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A giant colonic lipoma causing colo-colonic intussusception is extremely rare in adults. A 35-year-old woman visited our emergency room with abdominal pain, abdominal distension, nausea and vomiting. Physical examination showed a painful distended abdomen. Abdominal computed tomography revealed that there was a soft-tissue mass with a fat density of approximately 6 cm in diameter in the distal part of the transverse colon. Since the clinical presentation was that of a mechanical ileus, a laparotomy was performed. An intussusception was detected in the transvers colon. A soft and mobile mass was palpated in the transverse colon. Therefore, an extended right hemicolectomy with ileo-transversostomy was performed. Pathological examination revealed a giant pedunculated lipoma of 7 cm in diameter with no evidence of malignancy. Colonic lipomas are the third most common benign pathology seen in the colon. They are more common in women with a peak incidence between 50 and 60 years of age. The most common site of lipomas in the large bowel is the right hemicolon. Colonic lipomas are usually asymptomatic but may cause bleeding, obstruction, intussusception, or abdominal pain. Colonic lipoma causing colo-colic intussusception is extremely rare in the current literature. Surgical approach remains the treatment of choice for giant colonic lipomas.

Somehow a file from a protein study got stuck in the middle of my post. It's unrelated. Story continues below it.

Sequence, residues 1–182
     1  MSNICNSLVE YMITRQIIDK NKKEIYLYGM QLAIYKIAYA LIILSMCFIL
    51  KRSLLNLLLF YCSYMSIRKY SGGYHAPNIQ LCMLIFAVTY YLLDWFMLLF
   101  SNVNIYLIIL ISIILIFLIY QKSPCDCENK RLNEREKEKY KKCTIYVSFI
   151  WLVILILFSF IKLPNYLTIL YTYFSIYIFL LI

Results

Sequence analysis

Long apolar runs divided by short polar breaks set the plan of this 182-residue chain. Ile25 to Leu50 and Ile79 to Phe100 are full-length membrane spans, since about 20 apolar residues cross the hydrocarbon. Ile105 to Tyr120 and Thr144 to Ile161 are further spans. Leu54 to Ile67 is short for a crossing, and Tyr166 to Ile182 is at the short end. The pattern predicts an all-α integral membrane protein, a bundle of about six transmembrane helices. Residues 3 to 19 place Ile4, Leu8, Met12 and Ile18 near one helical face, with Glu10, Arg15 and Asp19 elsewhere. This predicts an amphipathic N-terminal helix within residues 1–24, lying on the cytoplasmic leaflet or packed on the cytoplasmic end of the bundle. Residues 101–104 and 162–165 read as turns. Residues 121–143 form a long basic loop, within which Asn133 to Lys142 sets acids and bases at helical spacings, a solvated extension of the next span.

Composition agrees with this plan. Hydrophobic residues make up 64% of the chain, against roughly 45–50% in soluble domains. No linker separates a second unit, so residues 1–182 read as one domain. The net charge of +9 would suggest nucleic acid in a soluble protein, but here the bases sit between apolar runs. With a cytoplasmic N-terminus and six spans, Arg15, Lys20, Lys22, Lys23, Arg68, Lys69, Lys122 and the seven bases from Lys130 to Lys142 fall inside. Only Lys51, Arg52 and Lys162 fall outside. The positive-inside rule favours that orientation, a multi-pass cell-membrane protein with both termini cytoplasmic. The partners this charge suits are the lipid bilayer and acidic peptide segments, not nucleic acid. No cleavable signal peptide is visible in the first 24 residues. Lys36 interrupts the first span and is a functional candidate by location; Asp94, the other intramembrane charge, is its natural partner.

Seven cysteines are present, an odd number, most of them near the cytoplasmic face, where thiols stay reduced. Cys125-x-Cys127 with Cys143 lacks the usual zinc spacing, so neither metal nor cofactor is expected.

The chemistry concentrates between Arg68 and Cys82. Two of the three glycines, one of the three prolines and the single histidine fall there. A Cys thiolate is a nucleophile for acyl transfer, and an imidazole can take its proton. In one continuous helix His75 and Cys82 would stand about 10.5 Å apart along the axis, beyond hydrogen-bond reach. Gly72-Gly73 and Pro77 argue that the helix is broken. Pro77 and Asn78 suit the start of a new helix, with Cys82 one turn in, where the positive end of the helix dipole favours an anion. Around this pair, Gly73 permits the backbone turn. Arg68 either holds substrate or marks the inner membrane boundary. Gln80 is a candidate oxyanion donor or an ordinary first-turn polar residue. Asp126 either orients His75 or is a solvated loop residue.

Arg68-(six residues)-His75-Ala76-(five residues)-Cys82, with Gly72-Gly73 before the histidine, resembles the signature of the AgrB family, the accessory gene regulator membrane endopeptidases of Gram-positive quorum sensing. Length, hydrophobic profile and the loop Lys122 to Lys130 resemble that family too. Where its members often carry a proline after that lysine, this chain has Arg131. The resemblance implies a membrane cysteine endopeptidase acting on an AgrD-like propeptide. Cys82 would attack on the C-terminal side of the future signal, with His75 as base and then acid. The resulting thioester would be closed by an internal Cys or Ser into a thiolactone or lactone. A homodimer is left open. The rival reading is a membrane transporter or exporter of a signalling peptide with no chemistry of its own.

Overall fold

A colonic lipoma causing colo-colic intussusception should be considered in the differential diagnosis of mechanical bowel obstruction. The most important factor for establishing the diagnosis of intussusception caused by a colonic lipoma is awareness of the possibility, especially in adult patients with abdominal symptoms and episodes of intestinal obstruction.